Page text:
A society that is losing interest in sex

Young people in Japan are not only losing interest in marriage.  They are losing interest in relationships altogether.  And they are reportedly taking the next step:  Losing interest in sex. [Read more...]

Homosexuaity as a social construct

Michael W. Hannon reminds us that postmodernist philosopher Michel Foucault, himself a homosexual, has maintained that homosexuality is a social construct.  Until the late 19th century, there was the vice of sodomy, but no one assumed that those who committed it had any kind of special psychology, much less a particular defining identity.

Then again, Foucault believed that virtually everything is a social construct.  And even if homosexuality is a social construct, that doesn’t mean it isn’t real.  But I’m curious about Foucault’s postmodernist disciples, many of whom are champions of the gay cause.  Gay activists seem to take an esssentialist view of homosexuality, that same-sex desire inheres in a gay person’s very nature.  But postmodernists tend to deny essentialism in everything else, including the notion that a human being has any kind of fixed identity.  So when postmodernists make the arguments that they do, are they just employing rhetoric in the pursuit of power? [Read more...]

Children as casualties of the sexual revolution

“In contemporary America,” says Anthony Esolen, “condemnation of pedophilia rests on sentiment and not on moral reasoning. Nobody can simultaneously explain why pedophilia is so vile and uphold the first commandment of the sexual revolution: Fulfill thy desires.”  Though society, at present, still condemns pedophilia, Dr. Esolen shows that the same principle is governing other fronts in the sexual revolution:  children’s well-being must be sacrificed to adult desire. [Read more...]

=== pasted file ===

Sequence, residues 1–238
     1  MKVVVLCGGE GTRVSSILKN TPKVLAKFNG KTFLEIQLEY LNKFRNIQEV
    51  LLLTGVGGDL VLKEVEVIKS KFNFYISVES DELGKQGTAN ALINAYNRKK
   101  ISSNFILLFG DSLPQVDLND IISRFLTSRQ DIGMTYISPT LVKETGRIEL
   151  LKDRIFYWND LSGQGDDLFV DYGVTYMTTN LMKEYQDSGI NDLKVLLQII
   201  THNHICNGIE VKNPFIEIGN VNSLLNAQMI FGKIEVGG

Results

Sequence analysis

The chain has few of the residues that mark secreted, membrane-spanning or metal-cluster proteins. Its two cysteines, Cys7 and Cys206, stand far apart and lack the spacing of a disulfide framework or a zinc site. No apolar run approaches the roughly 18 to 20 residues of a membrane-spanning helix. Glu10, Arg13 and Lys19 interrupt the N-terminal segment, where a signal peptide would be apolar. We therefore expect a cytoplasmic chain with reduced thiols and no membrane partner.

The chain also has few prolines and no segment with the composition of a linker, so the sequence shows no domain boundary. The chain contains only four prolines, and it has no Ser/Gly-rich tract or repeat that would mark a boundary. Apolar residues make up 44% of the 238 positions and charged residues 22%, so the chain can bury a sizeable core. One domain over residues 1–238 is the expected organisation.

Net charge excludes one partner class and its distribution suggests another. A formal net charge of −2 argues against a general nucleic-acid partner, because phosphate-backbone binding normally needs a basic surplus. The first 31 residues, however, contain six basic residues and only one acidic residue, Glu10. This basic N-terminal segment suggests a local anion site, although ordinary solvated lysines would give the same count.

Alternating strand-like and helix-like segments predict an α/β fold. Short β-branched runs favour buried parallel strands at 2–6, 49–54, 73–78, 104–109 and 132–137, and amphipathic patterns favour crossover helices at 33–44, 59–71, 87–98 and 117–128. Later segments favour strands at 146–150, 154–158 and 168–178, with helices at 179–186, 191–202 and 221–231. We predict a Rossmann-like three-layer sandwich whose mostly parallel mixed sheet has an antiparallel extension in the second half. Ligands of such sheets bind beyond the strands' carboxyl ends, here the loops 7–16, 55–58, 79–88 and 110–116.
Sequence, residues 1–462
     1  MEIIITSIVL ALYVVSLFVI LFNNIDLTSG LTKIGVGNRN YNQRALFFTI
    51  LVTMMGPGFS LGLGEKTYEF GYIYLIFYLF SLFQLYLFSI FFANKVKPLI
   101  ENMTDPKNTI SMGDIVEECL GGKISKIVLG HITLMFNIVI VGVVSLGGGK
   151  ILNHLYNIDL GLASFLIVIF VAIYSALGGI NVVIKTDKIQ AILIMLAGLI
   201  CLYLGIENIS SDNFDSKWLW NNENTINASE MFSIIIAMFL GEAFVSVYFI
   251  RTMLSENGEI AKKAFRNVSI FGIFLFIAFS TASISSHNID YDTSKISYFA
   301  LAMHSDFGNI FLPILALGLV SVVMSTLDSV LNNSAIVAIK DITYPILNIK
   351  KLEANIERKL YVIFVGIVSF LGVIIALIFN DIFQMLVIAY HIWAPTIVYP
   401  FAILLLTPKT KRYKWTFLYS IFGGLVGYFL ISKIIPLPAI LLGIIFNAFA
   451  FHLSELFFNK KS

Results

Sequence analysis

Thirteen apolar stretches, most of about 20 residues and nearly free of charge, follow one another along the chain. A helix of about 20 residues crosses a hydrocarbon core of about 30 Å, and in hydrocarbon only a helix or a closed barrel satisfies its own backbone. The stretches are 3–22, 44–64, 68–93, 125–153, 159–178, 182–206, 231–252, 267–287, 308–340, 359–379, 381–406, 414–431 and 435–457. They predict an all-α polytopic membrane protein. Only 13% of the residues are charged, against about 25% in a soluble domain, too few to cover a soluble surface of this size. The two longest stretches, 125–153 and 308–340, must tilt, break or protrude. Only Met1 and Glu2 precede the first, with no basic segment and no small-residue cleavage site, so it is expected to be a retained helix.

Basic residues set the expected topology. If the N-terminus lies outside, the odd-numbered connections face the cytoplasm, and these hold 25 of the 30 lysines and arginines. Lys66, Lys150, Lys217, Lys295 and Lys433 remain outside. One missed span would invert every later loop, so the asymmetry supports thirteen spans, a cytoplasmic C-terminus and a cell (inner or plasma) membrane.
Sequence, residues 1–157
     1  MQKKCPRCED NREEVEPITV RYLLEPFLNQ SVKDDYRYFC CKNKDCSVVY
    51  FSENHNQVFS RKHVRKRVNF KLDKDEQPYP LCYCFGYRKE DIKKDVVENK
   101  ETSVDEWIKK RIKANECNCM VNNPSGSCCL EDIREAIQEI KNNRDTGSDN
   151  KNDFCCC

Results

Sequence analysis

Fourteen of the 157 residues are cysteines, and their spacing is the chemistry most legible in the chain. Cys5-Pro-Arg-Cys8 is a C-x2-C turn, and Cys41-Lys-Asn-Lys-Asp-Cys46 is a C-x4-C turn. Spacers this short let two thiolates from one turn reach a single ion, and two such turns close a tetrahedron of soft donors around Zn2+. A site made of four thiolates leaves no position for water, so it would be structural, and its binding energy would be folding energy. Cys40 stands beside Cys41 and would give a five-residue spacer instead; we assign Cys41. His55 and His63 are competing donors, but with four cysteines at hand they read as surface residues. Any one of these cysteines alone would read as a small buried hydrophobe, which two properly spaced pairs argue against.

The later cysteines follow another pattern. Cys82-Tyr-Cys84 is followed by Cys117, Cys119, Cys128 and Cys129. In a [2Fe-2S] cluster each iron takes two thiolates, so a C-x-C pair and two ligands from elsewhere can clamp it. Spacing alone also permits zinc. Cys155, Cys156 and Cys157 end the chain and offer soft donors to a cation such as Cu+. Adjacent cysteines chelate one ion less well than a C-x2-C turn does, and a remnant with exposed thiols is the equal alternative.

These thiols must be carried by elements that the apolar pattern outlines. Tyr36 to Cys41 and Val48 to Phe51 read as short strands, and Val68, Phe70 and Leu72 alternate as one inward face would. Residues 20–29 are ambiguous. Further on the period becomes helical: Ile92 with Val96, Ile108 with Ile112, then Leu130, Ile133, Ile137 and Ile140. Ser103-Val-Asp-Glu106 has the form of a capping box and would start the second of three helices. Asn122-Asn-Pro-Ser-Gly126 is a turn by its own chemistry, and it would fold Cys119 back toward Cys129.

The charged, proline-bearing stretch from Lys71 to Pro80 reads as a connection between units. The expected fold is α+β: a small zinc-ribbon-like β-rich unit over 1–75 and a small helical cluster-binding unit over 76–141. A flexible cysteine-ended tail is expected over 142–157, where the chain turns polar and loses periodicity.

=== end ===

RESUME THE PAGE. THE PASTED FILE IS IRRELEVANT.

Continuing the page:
Cohabitation requires too much commitment?

The number of unmarried couples who are just living together skyrocketed in the last decades of the 20th century.  But since 2000 the cohabitation rate  has stalled.  Experts are saying that one reason may be that living together has become so common that it has become traditional, rather like marriage.  And, like marriage, living together is perceived as requiring too much commitment. [Read more...]

So how do contraceptives work?

Pro-lifers are told not to worry about the morning after pill, as mandated by Obamacare.  It doesn’t work by preventing the fertilized egg from being implanted in the womb, though that was how it used to be described.  It simply prevents ovulation, just like a regular birth control pill.  (Though how it prevents pregnancy the morning after ovulation has occurred is not clear.)  See the facts cited and the links given in our discussion of the Morning After pill on this blog here and here.

But when pro-lifers promote measures defining “personhood” as existing from the moment of conception, we are told that this would outlaw contraception, including the birth control pill, which–though we were always told it prevents ovulation–prevents the fertilized egg from being implanted in the womb.  (Example after the jump.)  If that’s true, many women would not want to take the things.  But that’s not what they have been told about how they work.

Is this dishonesty, rhetorical manipulation, or ignorance?  And what should we conclude about contraception from this controversy? [Read more...]

A call to legalize sex between teachers and pupils

More taboos keep falling down.  A column in the Washington Post, no less (the leading newspaper of our governing class), argues that we should legalize sex between teachers and underage students. [Read more...]


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